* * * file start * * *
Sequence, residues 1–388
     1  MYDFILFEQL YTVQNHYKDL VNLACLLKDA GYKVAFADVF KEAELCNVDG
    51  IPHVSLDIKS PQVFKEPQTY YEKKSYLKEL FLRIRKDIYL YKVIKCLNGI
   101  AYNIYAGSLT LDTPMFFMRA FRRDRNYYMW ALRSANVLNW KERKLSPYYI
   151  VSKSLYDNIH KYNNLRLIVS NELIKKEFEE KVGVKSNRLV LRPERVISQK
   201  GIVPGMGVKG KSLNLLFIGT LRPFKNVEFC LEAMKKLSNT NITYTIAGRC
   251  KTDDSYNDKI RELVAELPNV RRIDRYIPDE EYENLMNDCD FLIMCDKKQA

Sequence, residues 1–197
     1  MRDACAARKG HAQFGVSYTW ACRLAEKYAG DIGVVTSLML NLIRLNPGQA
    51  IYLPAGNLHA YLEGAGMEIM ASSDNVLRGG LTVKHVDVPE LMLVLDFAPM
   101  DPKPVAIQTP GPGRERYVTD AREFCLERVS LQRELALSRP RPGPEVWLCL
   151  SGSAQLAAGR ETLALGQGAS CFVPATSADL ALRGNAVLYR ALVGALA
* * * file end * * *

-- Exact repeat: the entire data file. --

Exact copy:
Sequence, residues 1–388
     1  MYDFILFEQL YTVQNHYKDL VNLACLLKDA GYKVAFADVF KEAELCNVDG
    51  IPHVSLDIKS PQVFKEPQTY YEKKSYLKEL FLRIRKDIYL YKVIKCLNGI
   101  AYNIYAGSLT LDTPMFFMRA FRRDRNYYMW ALRSANVLNW KERKLSPYYI
   151  VSKSLYDNIH KYNNLRLIVS NELIKKEFEE KVGVKSNRLV LRPERVISQK
   201  GIVPGMGVKG KSLNLLFIGT LRPFKNVEFC LEAMKKLSNT NITYTIAGRC
   251  KTDDSYNDKI RELVAELPNV RRIDRYIPDE EYENLMNDCD FLIMCDKKQA

Sequence, residues 1–197
     1  MRDACAARKG HAQFGVSYTW ACRLAEKYAG DIGVVTSLML NLIRLNPGQA
    51  IYLPAGNLHA YLEGAGMEIM ASSDNVLRGG LTVKHVDVPE LMLVLDFAPM
   101  DPKPVAIQTP GPGRERYVTD AREFCLERVS LQRELALSRP RPGPEVWLCL
   151  SGSAQLAAGR ETLALGQGAS CFVPATSADL ALRGNAVLYR ALVGALA